• Also disturbing is how the four Seasonal Courts of the Changelings, and their different approaches to life, map almost exactly to four of the possible reactions for survivors of sexual or emotional abuse: hedonistic escapism (Spring), violent acting-out and revenge fantasies (Summer), abused-turns-abuser (Autumn), and paranoia (Winter). Notice how the faction of "eventually overcome the trauma and move on with your life in a healthy fashion" doesn't exist in Changeling society.
    • They also map to the five stages of Grief, also without Acceptance:
      • Spring Court is Denial, pretending that they've taken all the good things from Arcadia and ignoring the bad.
      • Summer Court is about taking out violence and Anger.
      • Autumn Court is about Bargaining their time away by with the occult.
      • Winter Court is Depression. They hide from the world.
    • More interestingly, one could see Privateers (Changelings who work as mercenaries for the True Fae, which usually entails dragging OTHER Changelings back to Arcadia) and Loyalists (Changelings who either didn't escape before they were totally brainwashed, or escaped and are being heavily blackmailed to do their Keeper's bidding) to encapsulate Acceptance. And becoming a True Fae at Wyrd 10/Clarity 0 could be seen as Understanding.
  • Also of note is the fact of how the founders of the Seasonal Courts made their Courts: By besting the Anthropomorphic Personification of the seasons at their own games. Mother Susan had dreams of motherhood that were ruined by the fae infertility. She forged Contracts with who-knows-what, and then gave her child up to Spring. Sam Noblood took a tree branch of autumn leaves as a spear and chased down Summer itself and forced it to make the pact (okay, that's not so much Nightmare Fuel as it is awesome). It's not said how Clay Ariel got the pact with Autumn, only that she left with no weapon and a 'wry smile'. Considering the Autumn Court draws its power from Fear, whatever did happen must have been Nightmare Fuel. Snowflake John disappeared and came back two years later, claiming that because Winter couldn't find him, he got the pact.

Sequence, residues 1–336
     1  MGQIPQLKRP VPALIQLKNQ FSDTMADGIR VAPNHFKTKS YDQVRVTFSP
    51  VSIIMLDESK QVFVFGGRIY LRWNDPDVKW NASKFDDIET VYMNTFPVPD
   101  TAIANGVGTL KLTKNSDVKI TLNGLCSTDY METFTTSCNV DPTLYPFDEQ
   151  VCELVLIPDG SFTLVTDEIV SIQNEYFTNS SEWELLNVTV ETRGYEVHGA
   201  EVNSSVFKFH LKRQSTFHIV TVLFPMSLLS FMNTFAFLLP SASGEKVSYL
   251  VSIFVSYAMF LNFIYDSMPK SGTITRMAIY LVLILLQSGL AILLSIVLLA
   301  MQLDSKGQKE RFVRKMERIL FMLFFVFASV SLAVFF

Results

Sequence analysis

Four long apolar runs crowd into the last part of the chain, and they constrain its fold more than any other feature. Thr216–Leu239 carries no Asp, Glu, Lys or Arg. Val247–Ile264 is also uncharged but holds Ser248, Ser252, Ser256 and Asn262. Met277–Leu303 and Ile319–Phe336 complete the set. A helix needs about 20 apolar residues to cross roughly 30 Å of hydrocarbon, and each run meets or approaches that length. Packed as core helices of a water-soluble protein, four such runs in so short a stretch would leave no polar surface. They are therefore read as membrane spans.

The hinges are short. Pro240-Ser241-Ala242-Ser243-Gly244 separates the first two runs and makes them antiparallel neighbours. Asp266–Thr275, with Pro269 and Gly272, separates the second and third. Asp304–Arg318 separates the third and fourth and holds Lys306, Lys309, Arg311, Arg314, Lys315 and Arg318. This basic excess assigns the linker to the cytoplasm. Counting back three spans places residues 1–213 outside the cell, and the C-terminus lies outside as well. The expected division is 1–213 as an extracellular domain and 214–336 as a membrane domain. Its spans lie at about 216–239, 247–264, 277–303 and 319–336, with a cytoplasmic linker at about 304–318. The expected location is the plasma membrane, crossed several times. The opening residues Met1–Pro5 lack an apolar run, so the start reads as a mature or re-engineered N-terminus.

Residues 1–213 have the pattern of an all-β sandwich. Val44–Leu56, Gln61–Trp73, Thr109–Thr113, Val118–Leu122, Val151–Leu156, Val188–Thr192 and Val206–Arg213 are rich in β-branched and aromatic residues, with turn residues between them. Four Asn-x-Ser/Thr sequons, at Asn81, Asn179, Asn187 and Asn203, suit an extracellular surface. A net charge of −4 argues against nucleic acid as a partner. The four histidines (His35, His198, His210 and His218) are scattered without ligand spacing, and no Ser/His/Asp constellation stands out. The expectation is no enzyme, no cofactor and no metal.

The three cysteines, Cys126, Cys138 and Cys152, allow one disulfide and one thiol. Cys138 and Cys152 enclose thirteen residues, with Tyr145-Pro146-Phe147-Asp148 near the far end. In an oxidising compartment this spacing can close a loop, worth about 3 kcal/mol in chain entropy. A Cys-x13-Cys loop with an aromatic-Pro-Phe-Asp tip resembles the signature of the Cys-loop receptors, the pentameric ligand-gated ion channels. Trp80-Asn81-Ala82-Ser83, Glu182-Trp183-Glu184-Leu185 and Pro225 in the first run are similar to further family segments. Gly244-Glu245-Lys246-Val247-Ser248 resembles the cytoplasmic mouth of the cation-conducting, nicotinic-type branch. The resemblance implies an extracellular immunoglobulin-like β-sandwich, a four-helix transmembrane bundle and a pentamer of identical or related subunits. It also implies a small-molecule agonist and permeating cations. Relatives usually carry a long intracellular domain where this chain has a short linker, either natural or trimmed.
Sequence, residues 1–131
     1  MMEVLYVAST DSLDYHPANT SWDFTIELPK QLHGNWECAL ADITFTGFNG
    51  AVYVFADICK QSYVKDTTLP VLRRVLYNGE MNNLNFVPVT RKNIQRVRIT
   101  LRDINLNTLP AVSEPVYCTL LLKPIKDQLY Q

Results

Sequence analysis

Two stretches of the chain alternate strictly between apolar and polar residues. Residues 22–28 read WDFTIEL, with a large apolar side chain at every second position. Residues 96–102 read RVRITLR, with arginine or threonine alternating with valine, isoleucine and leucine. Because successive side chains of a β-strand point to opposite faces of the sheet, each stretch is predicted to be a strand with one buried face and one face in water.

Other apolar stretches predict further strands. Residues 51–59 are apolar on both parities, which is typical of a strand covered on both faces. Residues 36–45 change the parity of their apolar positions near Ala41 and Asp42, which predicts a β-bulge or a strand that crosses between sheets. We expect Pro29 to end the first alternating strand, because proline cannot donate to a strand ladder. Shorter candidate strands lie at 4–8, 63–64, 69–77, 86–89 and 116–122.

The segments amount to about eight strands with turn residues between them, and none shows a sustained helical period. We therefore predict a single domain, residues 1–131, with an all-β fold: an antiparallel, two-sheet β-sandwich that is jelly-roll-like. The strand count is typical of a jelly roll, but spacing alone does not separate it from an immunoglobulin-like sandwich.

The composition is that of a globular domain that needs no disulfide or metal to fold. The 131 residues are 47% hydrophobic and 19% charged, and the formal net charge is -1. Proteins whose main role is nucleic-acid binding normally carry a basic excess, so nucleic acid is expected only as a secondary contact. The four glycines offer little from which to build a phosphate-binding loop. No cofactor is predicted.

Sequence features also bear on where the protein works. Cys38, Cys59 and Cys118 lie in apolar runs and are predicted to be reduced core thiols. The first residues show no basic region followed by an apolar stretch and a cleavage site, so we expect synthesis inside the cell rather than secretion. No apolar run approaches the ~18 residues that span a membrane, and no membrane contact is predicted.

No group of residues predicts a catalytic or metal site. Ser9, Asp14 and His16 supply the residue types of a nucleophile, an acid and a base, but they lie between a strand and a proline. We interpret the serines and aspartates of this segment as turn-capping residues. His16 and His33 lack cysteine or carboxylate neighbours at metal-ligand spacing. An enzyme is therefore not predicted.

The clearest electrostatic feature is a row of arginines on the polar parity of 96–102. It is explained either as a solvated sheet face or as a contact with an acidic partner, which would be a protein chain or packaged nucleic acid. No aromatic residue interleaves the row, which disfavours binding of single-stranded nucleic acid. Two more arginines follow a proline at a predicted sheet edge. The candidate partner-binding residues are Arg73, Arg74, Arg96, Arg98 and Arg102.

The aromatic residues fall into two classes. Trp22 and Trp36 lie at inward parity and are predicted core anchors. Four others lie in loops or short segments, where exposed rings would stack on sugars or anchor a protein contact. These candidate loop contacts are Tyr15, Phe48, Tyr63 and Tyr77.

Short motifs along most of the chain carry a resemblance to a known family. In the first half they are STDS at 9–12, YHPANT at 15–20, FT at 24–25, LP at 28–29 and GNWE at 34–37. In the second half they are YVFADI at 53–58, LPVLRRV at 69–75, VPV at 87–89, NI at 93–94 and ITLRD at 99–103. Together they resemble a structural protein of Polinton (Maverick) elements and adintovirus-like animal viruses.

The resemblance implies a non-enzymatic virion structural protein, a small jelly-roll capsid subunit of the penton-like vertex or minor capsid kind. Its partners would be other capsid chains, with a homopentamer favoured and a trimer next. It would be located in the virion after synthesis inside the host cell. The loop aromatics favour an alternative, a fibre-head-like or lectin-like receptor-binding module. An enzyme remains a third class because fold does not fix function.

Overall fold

• And if the Seasonal Courts bother you, then how about the fact that there are eight other courts, and they're arguably just as terrifying?
    • The Courts of Sun and Moon are perhaps the best matches to the original. They're defined by the emotions of Shame and Disgust, respectively, and so seek to invoke and promote these emotions. The Sun Court is a textbook case of Light Is Not Good, but the Moon Court is a case of Dark Is Evil — their iconic holiday, Korochun (the Winter Solstice) is a night of mayhem, murder, torture and excess, culminating in the Human Sacrifice of a man and a woman.